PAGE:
Sound? Surely not. What does sound matter? Who ever notices or pays any attention to game sound? Hello again, smart reader. Yep, Mortal Kombat’s sound is one of the most crucial factors in making it so enjoyable. While several beat-’em-ups seem to treat sound as a last-minute afterthought (and I am worried that it might be the thing that cripples Renegade’s forthcoming, fab-looking , Elf Mania, Mortal Kombat comes complete with some incredibly solid and meaty thumps and crunches that really make it feel like you are inflicting some damage on your opponent.
What else is there? How about control? Mortal Kombat comes out on top here too, surprisingly. While Street Fighter 2 was ridiculously complicated and over-context-sensitive (thus reducing the game to a waggle-and-hope contest) and Body Blows went too far the other way with an over-simplified system that took all the fun out of discovering and using the best moves, Mortal Kombat has about as useable a system as you could possibly expect from a one-fire button joystick (although there is an option to use a two-button stick as well, which improves matters even further).
WHAT IS YOUR SPECIALITY?
Amiga Power, Issue 33, January 1994, p.p.28-31
"Is depth of gameplay the secret then? Hardly."
'Get over here', screamed Dan, as Jon Sloan scampered dutifully to review the bloodiest Amiga game ever.
f you read my preview a couple of issues ago or even had only half an eye on the media over the past couple of months you can't have helped but notice that Mortal Kombat means big business. From its humble beginnings as an arcade machine through inadverdent promotion by rapper Ice T to the lofty heights of Mortal Monday, this game's gone from strength to strength. It's even had a whole episode of Gamesmaster devoted to it! Amidst all this hype the Amiga version has been acting like a little lost lamb. Well, it's time that we shouted its praises 'cos let me tell you it's a wolf in sheep's clothing. Mortal Kombat is the slickest, fastest, smoothest beat 'em up ever to poke its bloody nose into the Amiga scene.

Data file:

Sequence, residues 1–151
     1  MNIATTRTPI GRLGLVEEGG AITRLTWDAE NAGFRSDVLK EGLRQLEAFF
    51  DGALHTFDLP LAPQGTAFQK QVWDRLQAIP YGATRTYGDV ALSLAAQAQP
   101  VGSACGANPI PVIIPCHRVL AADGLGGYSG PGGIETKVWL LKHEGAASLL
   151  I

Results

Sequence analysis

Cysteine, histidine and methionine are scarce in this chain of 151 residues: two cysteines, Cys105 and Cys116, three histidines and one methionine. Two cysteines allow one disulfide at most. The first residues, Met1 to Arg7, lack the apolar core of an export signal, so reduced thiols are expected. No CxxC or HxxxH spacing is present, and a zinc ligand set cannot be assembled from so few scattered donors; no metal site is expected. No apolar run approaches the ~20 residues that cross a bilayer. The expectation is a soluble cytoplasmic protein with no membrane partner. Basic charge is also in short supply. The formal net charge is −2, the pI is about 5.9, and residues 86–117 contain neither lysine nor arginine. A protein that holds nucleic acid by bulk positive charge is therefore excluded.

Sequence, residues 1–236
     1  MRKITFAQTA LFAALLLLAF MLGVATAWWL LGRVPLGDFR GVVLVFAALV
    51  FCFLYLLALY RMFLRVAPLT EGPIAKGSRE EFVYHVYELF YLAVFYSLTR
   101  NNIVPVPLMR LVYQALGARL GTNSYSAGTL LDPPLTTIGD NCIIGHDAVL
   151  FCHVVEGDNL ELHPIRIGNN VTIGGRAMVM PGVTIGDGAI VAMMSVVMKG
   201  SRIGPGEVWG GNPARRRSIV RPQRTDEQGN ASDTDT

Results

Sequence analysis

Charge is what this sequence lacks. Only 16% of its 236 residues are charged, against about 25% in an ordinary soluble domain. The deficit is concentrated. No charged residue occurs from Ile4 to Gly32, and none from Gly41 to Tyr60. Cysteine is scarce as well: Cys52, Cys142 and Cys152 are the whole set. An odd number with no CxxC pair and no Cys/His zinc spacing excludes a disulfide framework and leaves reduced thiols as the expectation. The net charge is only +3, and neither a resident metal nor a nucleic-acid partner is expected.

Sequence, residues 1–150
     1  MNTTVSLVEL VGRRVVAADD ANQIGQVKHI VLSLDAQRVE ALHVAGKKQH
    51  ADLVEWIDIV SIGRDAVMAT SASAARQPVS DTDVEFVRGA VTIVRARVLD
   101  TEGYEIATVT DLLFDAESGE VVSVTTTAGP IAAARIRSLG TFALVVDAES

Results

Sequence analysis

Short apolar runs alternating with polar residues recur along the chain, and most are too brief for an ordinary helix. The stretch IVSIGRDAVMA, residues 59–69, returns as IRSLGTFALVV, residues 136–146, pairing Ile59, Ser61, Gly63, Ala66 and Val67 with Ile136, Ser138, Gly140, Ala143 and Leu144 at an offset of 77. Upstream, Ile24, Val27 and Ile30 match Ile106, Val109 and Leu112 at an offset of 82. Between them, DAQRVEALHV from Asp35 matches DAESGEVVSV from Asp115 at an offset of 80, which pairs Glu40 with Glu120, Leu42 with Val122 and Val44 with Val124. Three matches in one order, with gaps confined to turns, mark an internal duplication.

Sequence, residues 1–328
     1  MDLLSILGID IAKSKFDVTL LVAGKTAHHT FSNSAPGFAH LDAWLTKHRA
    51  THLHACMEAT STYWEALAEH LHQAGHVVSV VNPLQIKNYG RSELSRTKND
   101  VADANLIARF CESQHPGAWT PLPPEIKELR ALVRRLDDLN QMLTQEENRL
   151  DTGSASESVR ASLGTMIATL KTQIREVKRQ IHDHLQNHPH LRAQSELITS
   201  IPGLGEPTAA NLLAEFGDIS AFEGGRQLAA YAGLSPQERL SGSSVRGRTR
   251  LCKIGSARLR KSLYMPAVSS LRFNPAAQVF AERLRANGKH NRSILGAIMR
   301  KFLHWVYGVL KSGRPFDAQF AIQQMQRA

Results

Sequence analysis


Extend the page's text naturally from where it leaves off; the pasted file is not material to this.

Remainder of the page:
Despite being converted from the arcade version via the Mega Drive to the Amiga, Probe Software have stayed faithful to the original and kept all the blocks, kicks, punches and special moves as well as the gore. It's this aspect of the game that has caused a great deal of controversy, so much so that there have been calls to ban it. You see, when you beat an opponent there's none of the namby pamby bowing and shaking of hands you see in real life martial arts. In Mortal Kombat you have the opportunity to tear another combatant's heart out or punch their head clean off. That wouldn't be so bad if the character sprites were cartoony or evidently computer generated, but MK uses massive digitised pics of real actors. To make matters worse, virtually every blow that lands is accompanied by a gout of crimson blood and a nerve shaking squelch. Mary Whitehouse aside, it makes for an incredibly realistic bout of martial mayhem.
Leaving comparisons aside for the moment, the difficulty curve has been pitched almost to perfection. On the Easy setting novices should be able to have one or two bouts before their lungs are turn out. And with a little practice you'll soon make it to the Endurance matches. However, only very good players will have any chance on the Very Hard setting. As Probe have used the arcade code and graphics for this version all the fighters move exactly as they do on the coin-op. This means that an increase in difficulty setting doesn't just make things move faster, the opponents actually seem more intelligent. You'll get nowhere trying to use the same moves over and over again. Also, it's no good just using missile attacks from a distance 'cos, at best, you'll only get two in before the computer reads what you're doing and counteracts. I don't know how Probe managed it but fighting the CPU is like fighting another human player: it thinks and reacts.
BLOODY BUT UNBOWED
CU Amiga, December 1993, "HOT! The Good, the Bad and the Ugly" – Amiga games Special, p.p.4-6